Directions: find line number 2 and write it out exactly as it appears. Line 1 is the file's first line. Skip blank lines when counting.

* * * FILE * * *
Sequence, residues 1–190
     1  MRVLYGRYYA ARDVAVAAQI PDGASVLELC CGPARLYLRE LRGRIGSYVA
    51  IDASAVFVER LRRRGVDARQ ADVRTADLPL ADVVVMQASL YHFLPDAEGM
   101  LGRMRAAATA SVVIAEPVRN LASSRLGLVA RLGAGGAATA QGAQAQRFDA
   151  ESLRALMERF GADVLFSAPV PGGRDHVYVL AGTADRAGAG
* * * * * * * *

     1  MRVLYGRYYA ARDVAVAAQI PDGASVLELC CGPARLYLRE LRGRIGSYVA